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Same Dark Spirit at Work

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This is the second installment of a series. The first installment of that "Craziness in America" series --"Obama Has to Address It"-- can be found at


It is now four and a half years since I first felt called, or pulled, into confronting the darkness that had taken control of America in the form of the Bushite regime.

In those years, there have arisen innumerable issues, and events, and players warranting comment and discussion. But beneath all the particulars, I have consistently felt, this American drama is best understood as being enacted at a more basic level-- one that might be called, for want of a better word, spiritual.

And that spiritual drama could be summed up in the ancient phrase, "the battle between good and evil" or --inasmuch as I see these in naturalistic terms, as involving the interplay of vast patterns that operate in cultural systems across the generations-- the struggle between the forces of Wholeness and those of Brokenness.

The place where I develop that idea in greatest depth is "The Concept of Evil: Why It is Intellectually Valid and Politically and Spiritually Important" (written in 2005, and posted at click here But in dozens of other essays I've continually made reference to this deeper perspective, using phrases such as "the same dark spirit" to call attention to this deep level of the human drama: the level where patterns of brokenness (or wholeness) act "as if" animated by intent, operating opportunistically so as to give the appearance that --more fundamentally than it is human beings governing events to achieve their own purposes-- it is the "spirit" that's using human beings to achieve its own destructive ends.

That notion of "the same dark spirit" seems especially relevant now. It is in this perspective that this new "rise of craziness" on the right in America can best be understood.


In recent weeks, I've come across perhaps ten commentators who have wondered out loud about the apparent folly of the course the Republicans have been taking. Why be so extreme, so obstructionist, so purely negative, so divisive, so focused on arousing their diminishing base, diminishing themselves into a regional party, making themselves so unattractive to the independent voters who will decide future elections, and so forth? Why do they seem so bent upon a path that will only compound the erosion of their political fortunes?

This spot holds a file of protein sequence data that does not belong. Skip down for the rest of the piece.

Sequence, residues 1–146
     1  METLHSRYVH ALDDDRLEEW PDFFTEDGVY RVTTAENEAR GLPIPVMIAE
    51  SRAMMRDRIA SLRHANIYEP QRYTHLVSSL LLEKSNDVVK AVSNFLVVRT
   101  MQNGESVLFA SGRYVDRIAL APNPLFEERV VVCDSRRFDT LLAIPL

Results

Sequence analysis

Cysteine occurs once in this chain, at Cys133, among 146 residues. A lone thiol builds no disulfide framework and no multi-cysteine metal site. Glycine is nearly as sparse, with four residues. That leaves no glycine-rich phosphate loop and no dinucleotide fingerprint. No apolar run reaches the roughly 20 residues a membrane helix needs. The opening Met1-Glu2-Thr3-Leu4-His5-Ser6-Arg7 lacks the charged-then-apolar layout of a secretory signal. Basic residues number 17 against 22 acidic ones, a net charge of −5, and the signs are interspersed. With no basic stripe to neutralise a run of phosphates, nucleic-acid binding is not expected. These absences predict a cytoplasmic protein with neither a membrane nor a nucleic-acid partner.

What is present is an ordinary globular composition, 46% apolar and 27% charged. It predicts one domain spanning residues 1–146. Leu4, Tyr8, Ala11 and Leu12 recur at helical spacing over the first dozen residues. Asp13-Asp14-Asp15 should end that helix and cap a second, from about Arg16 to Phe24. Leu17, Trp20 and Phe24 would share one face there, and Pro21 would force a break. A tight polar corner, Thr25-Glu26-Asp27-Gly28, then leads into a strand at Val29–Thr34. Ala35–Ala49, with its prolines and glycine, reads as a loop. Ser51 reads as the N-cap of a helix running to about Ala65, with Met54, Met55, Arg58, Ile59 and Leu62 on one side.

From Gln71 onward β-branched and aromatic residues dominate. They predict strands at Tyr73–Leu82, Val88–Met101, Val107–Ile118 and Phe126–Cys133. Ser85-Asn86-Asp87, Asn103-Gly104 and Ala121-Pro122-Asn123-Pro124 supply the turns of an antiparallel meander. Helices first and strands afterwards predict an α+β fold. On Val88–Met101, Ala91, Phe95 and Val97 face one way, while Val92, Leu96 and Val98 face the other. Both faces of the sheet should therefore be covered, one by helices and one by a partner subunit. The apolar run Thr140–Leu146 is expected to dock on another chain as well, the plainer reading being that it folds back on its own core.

All good questions.

We are accustomed to looking at human action, and the conduct of professional political actors in particular, as motivated by rational calculations of how best to serve one's self-interest. Seen through that prism, the whipping up of this craziness may indeed make no sense.

But if we see these actors not so much as self-governing and rational agents but more as being (in some sense) possessed by a spirit of brokenness, this apparently self-destructive course becomes more explicable.

I wish to admit that when I speak of these "dark spirits," and of the notion of people becoming "possessed" by them, I am less than crystal clear just how these ideas are to be understood. These are dimension of our reality that, as I said in "The Concept of Evil," "are at once so difficult for us to grasp on the basis of our immediate and mundane experience [but also] so vital to understanding what’s happening in our world..."

But let's set aside the difficulties of comprehension and see how well it works to see things in this way.


First, as I just suggested, postulating this deeper spiritual level offers a solution to the mystery of the apparently self-defeating nature of the current strategy of the Republicans. It may well be that pursuing the course of whipping up craziness will condemn the Republicans to the status of a minority party for years to come.

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Andy Schmookler, an award-winning author, political commentator, radio talk-show host, and teacher, was the Democratic nominee for Congress from Virginia's 6th District. His new book -- written to have an impact on the central political battle of our time -- is (more...)
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